Ghost Writer Essay

Submitted By marcpp
Words: 797
Pages: 4

Marc Paul
Ms. Ripel
Literature of Philosophy
May 18, 2015
Everything You Can Imagine Is Real

Everybody has his/her fantasies of becoming famous, having a loving partner, or meeting his/her role model. In The Ghost Writer by Phillip Roth, the main character, Nathan Dedalus has many fantasies. Some of his most intriguing ones are about his mentor Lonoff, his dream spouse Anne Frank, and his ex-girlfriend Betsy. In this novel, Nathan creates these fantasies in order to feel better about the realities of his own life. In the beginning of the novel, Nathan fantasizes about the ideal writers life through Lonoff to escape of the deficiencies of his own writings. He wants to be “nothing less than E. I. Lonoff’s spiritual son” (Roth Ghost Writer 9). Once Nathan talks to Lonoff, Lonoff tells Nathan:
I turn sentences around. That’s my life. I write a sentence and then I turn it around. Then I look at it and turn it around again. Then I have lunch. Then I come back in and write another sentence. (Roth Ghost Writer 17-18)
Nathan thinks Lonoff is a perfect human being and has a flawless life, but Lonoff believes he does not share this view. In Nathan’s view, Lonoff is one of the best and most inspirational writers in the world. After Lonoff tells Nathan that he “turns sentences around.” He continues to fantasize about Lonoff’s work to keep Lonoff as his idol, which makes Lonoff untouchable.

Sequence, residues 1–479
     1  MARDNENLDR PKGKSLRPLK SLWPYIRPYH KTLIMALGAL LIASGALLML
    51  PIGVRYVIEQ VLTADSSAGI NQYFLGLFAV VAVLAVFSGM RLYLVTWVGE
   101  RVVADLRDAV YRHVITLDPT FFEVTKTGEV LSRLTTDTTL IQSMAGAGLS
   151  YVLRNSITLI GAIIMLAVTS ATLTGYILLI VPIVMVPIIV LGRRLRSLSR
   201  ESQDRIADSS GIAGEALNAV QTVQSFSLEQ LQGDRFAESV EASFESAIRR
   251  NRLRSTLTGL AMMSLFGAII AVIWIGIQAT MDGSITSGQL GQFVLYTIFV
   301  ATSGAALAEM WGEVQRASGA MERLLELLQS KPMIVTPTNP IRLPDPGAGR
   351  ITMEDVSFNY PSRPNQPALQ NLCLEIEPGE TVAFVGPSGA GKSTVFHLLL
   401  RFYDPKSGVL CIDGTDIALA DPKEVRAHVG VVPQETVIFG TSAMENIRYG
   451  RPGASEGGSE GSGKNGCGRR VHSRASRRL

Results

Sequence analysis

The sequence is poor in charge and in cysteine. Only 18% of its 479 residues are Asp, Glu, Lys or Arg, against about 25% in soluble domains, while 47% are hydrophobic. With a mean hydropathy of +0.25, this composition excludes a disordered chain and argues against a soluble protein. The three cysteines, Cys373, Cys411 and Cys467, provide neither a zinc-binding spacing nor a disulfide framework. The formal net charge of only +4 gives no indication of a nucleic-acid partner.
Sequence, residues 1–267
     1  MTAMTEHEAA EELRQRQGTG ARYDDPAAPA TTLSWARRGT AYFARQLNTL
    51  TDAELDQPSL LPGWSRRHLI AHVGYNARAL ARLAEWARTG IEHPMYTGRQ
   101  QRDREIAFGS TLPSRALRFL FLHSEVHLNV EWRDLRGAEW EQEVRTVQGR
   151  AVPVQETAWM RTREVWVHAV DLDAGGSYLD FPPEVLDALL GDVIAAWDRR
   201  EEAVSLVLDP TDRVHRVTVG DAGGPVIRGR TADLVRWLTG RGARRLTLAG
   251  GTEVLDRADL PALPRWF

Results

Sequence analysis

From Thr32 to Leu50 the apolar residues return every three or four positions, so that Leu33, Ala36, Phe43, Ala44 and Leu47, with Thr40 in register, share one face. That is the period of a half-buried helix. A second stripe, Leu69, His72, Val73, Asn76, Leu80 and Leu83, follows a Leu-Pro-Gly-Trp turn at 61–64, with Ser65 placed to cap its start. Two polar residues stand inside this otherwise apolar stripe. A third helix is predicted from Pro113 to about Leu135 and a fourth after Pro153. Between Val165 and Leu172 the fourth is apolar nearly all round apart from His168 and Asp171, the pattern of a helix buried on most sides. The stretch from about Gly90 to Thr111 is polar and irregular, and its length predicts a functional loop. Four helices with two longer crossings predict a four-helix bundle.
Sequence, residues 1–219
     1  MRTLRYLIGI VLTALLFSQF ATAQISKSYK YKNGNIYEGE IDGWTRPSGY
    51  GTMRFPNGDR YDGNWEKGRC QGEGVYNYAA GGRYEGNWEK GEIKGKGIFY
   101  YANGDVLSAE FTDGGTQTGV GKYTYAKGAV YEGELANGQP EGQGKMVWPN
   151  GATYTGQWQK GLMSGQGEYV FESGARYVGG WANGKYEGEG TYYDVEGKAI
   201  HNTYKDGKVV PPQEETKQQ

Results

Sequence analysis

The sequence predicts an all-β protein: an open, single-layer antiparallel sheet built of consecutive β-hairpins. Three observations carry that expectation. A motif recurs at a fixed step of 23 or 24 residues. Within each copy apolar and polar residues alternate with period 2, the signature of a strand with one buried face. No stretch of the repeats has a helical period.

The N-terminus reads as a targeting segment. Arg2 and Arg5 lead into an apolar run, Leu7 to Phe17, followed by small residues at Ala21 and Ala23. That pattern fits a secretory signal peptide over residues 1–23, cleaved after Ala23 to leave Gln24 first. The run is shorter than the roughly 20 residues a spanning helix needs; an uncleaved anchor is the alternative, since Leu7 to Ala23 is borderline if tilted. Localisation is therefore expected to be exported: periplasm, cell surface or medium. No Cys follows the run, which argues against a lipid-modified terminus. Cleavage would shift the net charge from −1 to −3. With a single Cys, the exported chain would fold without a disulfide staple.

His next fantasy is about Betsy, his ex-girlfriend, because it is the only way he can accept the truth of his insecurities. He tells the Lonoff family that she dies, but, in reality, she dumps him. Nathan says:
I wound up in wonder at the idiot I had been to relinquish her love. Describing her in such sterling qualities, I had, in fact, brought myself nearly to the point of grief, as though instead of wailing with pain and telling me to leave and never come back, the unhappy dancer had died in my arms on our wedding day. (Roth Ghost Writer 53)
The story that Nathan makes up is not true, and Nathan knows that. It makes him and the Lonoff family feel sorrow for Betsy, which takes pressure off of Nathan. The story also makes Nathan miss Betsy, instead of him forgetting about her. After this, Nathan breaks his fantasy and realizes what actually happened. Their break-up is not life threatening, and this lie makes him feel guilty, but the story allows him to tell the Lonoff family that he had an ex-girlfriend named Betsy and why she is not with him. The most magnificent fantasy that Nathan has is about Anne Frank, which helps him escape from the reality that he is single and his parents disapprove of him. Nathan transforms Amy Ballette, Lonoff’s assistant, into Anne Frank, and in Nathan’s fantasy, he marries Anne Frank. Nathan tells the readers:
This is the tale that Amy told the morning after she had gone alone to the Cort Theatre to sit amid the weeping and inconsolable